Do Babies Have A Moral Sense?

Some research suggests that we may have in-born moral preferences

Three young sisters picking flowers in a meadow. Culture RM/Exclusive Erin Lester/Getty Images

Where do our moral values come from?

Virtually all human beings have moral values.  Everyday we judge people and their actions, applauding some and criticizing others.  And we are likely to have strong views on the right and wrongs of all sorts of issues, from nuclear weapons to the proper methods of parenting.  But where do our moral values come from?

The most obvious source is the society we are born and raised in.

  People are clearly heavily influenced by the opinions, actions, and conventions of everyone around them.  Another source is reason.  It is often through rational reflection that people come to criticize the moral character of their own culture, as when gay rights activists argue that discrimination against gays is unjust.  Another possibility is that some moral inclinations and intuitions are innate–that is we are born with them.

This will strike many people as preposterous.  According to a popular theory, the mind of the newborn child is a “blank slate.”  Everything is learned from experience.  This is the central tenet of empiricism, and it has been applied to moral beliefs just as much as to other areas of knowledge or opinion.

But psychologists like Paul Bloom, author of Just Babies: The Origins of Good and Evil, argue that we may not be moral blank slates after all.  He doesn’t claim that we are born with any well-defined moral beliefs or values; that would be implausible given that a normal infant seems to be most of the time a little wailing bundle of self-interested concern for its own comfort.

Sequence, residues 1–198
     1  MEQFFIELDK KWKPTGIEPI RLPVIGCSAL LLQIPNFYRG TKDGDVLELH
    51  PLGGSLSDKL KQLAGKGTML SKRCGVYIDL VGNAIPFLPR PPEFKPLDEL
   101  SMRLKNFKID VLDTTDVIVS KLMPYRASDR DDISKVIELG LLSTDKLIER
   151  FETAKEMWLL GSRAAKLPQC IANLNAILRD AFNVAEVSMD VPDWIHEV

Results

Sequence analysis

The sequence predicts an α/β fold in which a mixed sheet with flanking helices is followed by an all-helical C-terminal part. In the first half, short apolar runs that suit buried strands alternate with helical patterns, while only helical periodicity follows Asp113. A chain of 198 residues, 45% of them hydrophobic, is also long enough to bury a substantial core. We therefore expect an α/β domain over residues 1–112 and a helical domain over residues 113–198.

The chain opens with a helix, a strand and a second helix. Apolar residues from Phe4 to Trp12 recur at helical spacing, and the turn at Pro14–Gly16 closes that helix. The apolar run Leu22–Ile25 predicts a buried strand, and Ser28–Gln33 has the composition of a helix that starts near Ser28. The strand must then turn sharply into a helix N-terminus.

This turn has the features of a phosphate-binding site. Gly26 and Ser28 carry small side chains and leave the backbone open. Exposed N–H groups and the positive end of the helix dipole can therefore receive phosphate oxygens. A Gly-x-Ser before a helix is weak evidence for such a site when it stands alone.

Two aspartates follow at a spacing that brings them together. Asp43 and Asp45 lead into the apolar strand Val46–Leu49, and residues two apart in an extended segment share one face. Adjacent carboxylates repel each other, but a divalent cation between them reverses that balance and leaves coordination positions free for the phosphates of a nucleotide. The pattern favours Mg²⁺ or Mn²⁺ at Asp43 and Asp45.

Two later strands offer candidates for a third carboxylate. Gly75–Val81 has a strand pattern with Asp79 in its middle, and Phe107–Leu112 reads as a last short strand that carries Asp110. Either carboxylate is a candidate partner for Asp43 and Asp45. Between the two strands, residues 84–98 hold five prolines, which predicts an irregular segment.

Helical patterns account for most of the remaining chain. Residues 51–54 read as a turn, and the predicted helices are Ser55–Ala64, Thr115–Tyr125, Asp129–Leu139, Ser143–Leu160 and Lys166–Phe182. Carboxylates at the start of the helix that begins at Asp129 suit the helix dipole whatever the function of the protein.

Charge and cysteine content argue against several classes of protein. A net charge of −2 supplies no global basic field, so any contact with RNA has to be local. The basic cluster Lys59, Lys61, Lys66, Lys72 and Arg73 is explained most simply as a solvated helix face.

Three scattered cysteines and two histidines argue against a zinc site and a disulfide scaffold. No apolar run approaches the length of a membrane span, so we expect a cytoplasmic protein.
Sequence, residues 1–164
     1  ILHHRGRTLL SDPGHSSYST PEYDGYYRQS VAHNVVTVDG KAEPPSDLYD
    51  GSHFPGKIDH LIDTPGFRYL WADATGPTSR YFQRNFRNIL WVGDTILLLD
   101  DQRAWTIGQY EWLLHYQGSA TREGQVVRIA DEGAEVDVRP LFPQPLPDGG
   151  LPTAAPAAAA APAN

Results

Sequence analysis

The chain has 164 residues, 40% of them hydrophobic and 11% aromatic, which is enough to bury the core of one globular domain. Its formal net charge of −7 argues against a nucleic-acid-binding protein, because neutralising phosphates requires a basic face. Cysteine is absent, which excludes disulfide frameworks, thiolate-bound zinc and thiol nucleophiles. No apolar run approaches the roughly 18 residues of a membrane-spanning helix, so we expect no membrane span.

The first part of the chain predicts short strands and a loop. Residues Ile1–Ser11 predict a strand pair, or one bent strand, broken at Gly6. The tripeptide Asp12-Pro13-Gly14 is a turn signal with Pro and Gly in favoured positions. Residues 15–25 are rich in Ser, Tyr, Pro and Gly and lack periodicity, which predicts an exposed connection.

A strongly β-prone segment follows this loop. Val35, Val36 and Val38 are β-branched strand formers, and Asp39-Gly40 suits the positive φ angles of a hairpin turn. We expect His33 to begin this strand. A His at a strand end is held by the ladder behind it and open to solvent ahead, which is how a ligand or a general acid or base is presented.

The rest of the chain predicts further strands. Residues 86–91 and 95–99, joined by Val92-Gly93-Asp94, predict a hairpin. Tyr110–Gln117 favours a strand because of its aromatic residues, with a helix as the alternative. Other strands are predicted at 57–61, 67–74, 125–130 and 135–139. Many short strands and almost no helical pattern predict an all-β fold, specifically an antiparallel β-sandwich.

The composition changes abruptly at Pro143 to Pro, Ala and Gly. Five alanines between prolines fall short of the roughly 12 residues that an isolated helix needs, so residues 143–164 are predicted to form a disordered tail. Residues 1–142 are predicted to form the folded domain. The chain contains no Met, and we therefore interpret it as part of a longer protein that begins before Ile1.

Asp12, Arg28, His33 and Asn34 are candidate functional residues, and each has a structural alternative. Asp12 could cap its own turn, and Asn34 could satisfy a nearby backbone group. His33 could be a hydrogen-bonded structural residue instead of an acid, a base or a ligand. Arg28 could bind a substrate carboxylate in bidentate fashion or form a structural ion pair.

Rather, he argues that “certain moral foundations are not acquired through learning.”

What does he have in mind?  And how does he know what babies are thinking?  After all, they can’t talk?

Babies prefer “good guys”

Psychologists trying to understand what is going on in the mind of babies have to be ingenious.

  One of their most important strategies is known as the “looking time method.” Researches measure how long a baby looks at various things or people or situations.  The assumption is that the baby will look longer at what it finds surprising, and will look away sooner from things it finds less interesting.  Another method is to have the baby watch something and then see if it expresses a preference or an aversion by the way it behaves.

Here’s an example of a simple experiment.   Babies are shown a round shape apparently struggling  to get up a hill.  A triangle comes and blocks its path, causing it to roll back down.  The disc tries again, and this time a square appears and seems to help push it to the top of the hill.  After seeing this, a child of just a few months will show a marked preference for the helper as opposed to the hinderer.  Offered a choice of the triangle or the square on a tray, the child will choose the square. 

This preference for the helper is not a case of the baby making a moral choice; but according to Bloom it has some similarities to the moral judgment of an adult.  It mirrors the adult preference for helping over hindering.  And it is disinterested: that is, the baby doesn’t prefer the square because of some benefit the square offers.